Notes: ssh- servers and clients.

Notes: ssh- servers and clients.


This post is tagged with notes, such posts will be documentations of stuff that I learned or think that can be saved as notes. Also, they can be shared and is open for comments/opinions.
Concept inspiration: one of my seniors sayan.

I remember the uncertainty of concepts I had when I initially started working with the interactions between local machines and remote machines.
I figured out am not alone, so I thought documenting the same would be a good idea, err… maybe.

A step-to-step guide of the commands can be easily found. So, if you are here, you ain’t sure about the concepts or how ssh works.
One such guide that I liked.  Come back here after you have read the guide. 😉

It becomes tedious when someone is experimenting with remote machines, VMs, etc, and has to login to his machines with a password every time.

SSH login?

After having created the public and private ssh-keys using ssh-keygen, using ssh-copy-id one can copy the public key to remote-host.


It copies the public key to the remote-host(server).

remote-host? remote-machine? server? client?

client-machine: client machine can be your local machine and has openssh-clients package already installed (well, most of the times).

server-machine:  server machines can be the Virtual machines that you created on your local machine or the remote hosts. Server machines need to have openssh-server( sshd) package installed and enabled(active/running state).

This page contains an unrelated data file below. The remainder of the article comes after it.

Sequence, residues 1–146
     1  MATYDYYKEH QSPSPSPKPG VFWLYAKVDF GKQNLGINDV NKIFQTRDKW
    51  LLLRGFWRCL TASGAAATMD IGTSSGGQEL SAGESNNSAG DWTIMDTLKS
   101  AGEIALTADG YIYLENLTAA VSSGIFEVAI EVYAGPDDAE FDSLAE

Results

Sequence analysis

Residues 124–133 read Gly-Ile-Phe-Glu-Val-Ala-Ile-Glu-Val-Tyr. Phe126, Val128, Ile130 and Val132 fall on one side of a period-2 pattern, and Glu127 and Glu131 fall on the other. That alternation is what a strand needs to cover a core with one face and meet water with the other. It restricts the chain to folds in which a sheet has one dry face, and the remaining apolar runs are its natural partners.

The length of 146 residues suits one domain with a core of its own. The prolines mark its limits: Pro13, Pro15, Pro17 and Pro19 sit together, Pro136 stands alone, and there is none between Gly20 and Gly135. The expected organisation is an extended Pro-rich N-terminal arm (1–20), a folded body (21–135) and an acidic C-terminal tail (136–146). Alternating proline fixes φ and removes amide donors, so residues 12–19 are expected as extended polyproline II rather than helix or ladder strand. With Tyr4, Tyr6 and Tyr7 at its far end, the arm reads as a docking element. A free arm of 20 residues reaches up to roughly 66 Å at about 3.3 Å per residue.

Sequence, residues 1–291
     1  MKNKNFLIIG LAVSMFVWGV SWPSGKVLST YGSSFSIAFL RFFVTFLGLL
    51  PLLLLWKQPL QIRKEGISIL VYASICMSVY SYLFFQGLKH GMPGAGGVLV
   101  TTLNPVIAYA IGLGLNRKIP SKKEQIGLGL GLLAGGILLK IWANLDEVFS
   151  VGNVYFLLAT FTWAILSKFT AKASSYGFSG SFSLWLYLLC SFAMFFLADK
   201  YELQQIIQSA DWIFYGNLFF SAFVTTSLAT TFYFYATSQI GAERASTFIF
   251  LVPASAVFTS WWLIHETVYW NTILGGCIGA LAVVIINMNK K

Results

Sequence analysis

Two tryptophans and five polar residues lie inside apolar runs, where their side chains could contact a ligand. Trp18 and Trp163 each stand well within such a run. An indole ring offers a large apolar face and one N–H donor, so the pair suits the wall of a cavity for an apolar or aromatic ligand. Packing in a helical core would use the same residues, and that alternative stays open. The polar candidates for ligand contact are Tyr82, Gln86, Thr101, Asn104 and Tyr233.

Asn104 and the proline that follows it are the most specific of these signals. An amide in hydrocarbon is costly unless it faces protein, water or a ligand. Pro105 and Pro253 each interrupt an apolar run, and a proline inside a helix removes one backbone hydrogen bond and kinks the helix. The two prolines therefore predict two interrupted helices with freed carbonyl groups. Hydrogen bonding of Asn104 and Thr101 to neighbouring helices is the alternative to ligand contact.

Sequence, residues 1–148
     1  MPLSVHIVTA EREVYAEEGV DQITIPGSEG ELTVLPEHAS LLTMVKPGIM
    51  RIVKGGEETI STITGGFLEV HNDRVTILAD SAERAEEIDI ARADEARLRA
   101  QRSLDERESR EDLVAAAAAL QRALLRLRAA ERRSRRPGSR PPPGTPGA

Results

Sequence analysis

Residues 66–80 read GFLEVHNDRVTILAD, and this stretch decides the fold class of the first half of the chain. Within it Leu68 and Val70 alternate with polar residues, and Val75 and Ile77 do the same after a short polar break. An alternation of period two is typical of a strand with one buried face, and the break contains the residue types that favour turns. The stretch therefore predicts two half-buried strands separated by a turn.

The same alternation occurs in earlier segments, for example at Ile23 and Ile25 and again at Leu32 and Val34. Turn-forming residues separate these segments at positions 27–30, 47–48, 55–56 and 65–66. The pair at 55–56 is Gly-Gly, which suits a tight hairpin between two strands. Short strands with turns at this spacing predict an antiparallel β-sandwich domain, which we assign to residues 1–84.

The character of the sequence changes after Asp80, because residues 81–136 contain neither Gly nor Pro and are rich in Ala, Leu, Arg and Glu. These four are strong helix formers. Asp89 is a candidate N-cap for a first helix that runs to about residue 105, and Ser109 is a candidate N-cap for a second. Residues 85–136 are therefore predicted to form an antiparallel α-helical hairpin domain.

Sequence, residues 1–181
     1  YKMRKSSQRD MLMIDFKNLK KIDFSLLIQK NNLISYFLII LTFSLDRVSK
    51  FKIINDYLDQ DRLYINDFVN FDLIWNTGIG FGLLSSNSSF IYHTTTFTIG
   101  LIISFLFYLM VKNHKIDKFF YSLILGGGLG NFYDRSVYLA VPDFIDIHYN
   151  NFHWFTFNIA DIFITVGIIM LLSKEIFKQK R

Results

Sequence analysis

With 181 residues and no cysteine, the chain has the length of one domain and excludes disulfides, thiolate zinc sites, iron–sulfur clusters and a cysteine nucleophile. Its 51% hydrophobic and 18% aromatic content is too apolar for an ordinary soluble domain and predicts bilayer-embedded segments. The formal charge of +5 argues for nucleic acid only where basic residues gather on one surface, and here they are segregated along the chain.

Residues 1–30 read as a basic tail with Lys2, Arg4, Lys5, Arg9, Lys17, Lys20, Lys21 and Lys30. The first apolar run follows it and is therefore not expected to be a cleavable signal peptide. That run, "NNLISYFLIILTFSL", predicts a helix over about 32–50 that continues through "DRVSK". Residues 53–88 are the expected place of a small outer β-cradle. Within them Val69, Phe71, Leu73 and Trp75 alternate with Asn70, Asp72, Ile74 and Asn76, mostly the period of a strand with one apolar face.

Some distros do not have it by default.

check the status of the sshd service:
$ systemctl status sshd

enable the service:
$ systemctl enable sshd

start the service:
$ systemctl start sshd

Cooked this up: A pictorial explanation.

There is another situation when the same machine acts as both a client and the server, as obvious it may sound, ssh service needs to be running on the client as well.

that’s all fellas! Thanks for reading.

Fedora-Hubs : Getting Started

Fedora-Hubs : Getting Started

The definition for fedora-hubs has changed over the months !
Hubs has come a long way from when it was initially started. From new milestones, to new goals, new road-maps.


There have been new contributors willing to contribute to hubs, but facing issues while setting it up locally. Thus an initiative to help out new contributors hack their way into the project. Few common terms and words, not so common to the non-hubs world 😛

To begin with: We have taken efforts in keeping the README file updated. You might want to keep looking back to this file while setting it up locally.
Below, I have explained a tiny bit more in detail about a few things that might be confusing or where one can face issues, also how these files happen to be inter-related.
After having installed all the dependencies and cloned the project, you need to configure the project to authenticate against Ipsilon, fedora’s multi-protocol Identity Provider service.

oidc-register --debug http://localhost:5000

If one faces an error regarding verification of certificate, the following command will replace httplib2’s ca cert file, else you’ll be thrown back since you don’t have the http setting.

cp /etc/pki/ca-trust/extracted/pem/tls-ca-bundle.pem ~/.virtualenvs/hubs/lib/python2.7/site-packages/httplib2/cacerts.txt